16th Street Mall overhaul would increase sidewalk space, do away with median in downtown Denver

Say goodbye to the center median on the 16th Street Mall. Say hello to more trees and more space for pedestrians on the sidewalks along the iconic downtown transitway.

That’s the recommendation from the city of Denver and the Regional Transportation District, released Wednesday morning, as urban planners ramp up a multiyear effort to overhaul one of the city’s most heavily used and highly visited thoroughfares.

The redesign plan for the original stretch of the 35-year-old mall, which runs from Broadway northwest to Market Street, could break ground next year and wrap up in 2022. The cost: anywhere from $90 million to $130 million.

“To so many people, 16th Street is Denver’s main street,” said Andrea Burns, spokeswoman for Denver’s community planning and development department. “So it’s really important we get this right.”

Image courtesy of the City and County of Denver and the Regional Transportation District

The city has been considering three options for a mall redesign and held public meetings this past fall to gather feedback on those ideas. Burns said getting rid of the median between Tremont Place and Arapahoe Street and keeping the free mall shuttles side by side in the center of 16th Street in that stretch would be an important step toward improving pedestrian safety.

“What we’ve heard is that the pedestrian spaces are constrained,” Burns said. “And what we’ve seen is that the median is underused. It doesn’t feel safe in the median, it doesn’t feel welcoming because you are surrounded by buses on both sides.”

The recommended plan would place trees and lamp posts between the sidewalks and the mall shuttles, providing a “physical and visual buffer” between people and buses, Burns said. It would also open up more space for outdoor seating opportunities at restaurants along the mall.

Some older trees would have to be removed from the mall in order to complete the redesign but Burns said new ones would be brought in, increasing the total number of trees from around 150 today to more than 200 at completion. She also said the tree replacement strategy would include different kinds of trees instead of just one type of tree that dominates the mall’s landscape today.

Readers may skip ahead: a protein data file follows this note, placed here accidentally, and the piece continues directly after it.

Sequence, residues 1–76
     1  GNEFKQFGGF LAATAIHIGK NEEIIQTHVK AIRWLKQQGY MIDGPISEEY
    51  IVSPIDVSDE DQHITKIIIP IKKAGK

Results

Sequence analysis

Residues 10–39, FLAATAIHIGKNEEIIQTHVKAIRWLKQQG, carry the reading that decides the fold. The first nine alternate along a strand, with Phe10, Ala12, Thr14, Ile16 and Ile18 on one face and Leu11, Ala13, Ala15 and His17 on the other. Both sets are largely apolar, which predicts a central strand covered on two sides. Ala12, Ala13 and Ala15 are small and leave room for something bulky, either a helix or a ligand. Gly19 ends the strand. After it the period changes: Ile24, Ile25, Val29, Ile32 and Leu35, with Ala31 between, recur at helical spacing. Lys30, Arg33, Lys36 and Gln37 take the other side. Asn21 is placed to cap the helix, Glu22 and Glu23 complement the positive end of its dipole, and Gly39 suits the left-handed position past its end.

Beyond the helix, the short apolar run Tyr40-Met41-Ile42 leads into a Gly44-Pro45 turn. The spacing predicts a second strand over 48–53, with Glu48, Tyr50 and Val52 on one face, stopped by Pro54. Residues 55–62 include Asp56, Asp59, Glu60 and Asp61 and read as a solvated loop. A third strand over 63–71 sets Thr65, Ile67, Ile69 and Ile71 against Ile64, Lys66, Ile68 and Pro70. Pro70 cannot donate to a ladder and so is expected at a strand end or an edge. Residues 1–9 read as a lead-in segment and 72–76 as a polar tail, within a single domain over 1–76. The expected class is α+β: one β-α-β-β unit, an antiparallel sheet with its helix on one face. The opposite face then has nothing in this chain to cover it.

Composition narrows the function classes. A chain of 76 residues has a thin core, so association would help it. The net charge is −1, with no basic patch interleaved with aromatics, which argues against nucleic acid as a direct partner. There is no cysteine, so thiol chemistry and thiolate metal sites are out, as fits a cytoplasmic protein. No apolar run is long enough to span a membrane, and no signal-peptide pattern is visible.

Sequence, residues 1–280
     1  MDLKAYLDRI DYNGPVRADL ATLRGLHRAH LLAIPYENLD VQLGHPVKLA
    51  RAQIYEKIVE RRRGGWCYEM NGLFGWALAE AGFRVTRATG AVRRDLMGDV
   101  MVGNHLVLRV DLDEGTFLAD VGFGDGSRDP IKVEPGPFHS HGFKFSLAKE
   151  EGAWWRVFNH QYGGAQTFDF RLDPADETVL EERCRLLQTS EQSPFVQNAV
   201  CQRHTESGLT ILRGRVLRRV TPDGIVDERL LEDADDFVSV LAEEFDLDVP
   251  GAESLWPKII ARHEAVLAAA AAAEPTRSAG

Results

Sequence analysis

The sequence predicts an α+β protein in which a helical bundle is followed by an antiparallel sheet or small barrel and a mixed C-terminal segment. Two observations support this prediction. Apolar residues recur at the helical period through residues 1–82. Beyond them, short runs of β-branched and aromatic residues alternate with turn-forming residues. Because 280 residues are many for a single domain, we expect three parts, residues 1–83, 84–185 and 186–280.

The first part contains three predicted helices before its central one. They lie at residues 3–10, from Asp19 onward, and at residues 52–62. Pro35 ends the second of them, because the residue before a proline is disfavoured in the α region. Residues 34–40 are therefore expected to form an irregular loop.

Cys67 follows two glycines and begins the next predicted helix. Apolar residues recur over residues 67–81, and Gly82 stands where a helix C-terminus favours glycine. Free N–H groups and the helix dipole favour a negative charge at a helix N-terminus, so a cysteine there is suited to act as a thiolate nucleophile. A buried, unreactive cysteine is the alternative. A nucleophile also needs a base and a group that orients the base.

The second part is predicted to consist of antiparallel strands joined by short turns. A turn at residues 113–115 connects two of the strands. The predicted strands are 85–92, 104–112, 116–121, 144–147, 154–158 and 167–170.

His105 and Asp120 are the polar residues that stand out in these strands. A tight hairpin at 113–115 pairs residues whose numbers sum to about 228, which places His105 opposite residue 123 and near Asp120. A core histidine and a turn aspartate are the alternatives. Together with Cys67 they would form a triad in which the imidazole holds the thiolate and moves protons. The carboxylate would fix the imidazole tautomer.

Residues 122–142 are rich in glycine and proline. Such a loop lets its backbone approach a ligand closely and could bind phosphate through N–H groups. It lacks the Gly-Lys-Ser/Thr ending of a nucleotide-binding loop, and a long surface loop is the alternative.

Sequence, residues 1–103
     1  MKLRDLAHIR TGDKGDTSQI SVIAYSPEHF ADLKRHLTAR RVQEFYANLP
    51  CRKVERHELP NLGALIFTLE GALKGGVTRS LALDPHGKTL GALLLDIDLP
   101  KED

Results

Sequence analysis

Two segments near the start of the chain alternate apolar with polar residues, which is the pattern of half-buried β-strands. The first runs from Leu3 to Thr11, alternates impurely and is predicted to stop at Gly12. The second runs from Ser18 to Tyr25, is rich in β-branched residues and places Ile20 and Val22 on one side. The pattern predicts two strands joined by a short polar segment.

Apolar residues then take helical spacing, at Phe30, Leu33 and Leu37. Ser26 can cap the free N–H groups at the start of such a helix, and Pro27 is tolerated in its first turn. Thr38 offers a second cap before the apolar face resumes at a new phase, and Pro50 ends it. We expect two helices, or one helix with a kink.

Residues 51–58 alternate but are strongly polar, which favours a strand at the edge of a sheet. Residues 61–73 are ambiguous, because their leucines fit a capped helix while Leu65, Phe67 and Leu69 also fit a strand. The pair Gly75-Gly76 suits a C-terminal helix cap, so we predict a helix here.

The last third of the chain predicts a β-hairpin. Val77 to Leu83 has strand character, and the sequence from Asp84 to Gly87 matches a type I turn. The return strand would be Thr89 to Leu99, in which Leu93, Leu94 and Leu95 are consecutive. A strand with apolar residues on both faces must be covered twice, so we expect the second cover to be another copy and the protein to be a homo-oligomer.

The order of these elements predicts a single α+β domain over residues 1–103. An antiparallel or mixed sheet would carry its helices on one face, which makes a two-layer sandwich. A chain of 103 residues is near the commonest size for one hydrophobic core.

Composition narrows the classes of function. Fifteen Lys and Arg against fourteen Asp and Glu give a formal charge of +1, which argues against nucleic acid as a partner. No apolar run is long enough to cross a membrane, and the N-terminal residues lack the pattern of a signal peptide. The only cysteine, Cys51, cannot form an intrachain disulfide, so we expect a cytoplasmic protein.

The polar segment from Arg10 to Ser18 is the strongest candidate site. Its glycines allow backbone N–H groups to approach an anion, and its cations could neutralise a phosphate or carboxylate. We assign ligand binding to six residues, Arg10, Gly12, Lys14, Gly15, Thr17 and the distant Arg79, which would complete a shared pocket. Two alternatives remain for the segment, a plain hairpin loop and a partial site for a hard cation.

While the changes to the mall would be significant, especially along the middle segment where the median would be removed, planners decided to retain the “rattlesnake” pattern of black, gray and red-hued granite pavers on the mall — a hallmark of I.M. Pei’s design from 1982 — in the plan released Wednesday.

“It’s very important to us and the historic (preservation) community to keep that pattern,” Burns said.

It’s too early to tell whether some of the pavers in place now would be refurbished and reinstalled or whether new stone would have to be brought in, she said.

Changes would also be made to the mall’s “compromised sub-layer,” giving the city a chance to upgrade underground utilities, like drainage, electric and fiberoptic lines for the first time in more than three decades.

Construction, which is bound to be disruptive in a corridor that sees more than 40,000 shuttle riders a day, will likely happen in phases to keep impacts to a minimum, Burns said. Funding still needs to be identified for the overhaul, though at least $13 million should be available from the $937 million bond that Denver voters passed in November. Burns said federal funding and money from tax increment financing will also go toward paying for the project.

Because federal dollars were used for the original building of the mall 35 years ago, any modifications must undergo a National Environmental Policy Act review and a cultural resources evaluation. That process is expected to wrap up this summer.

The city will hold two open houses on March 8 to solicit public feedback on the plan.

Source Article

Leave a reply

Your email address will not be published. Required fields are marked *

Scroll to Top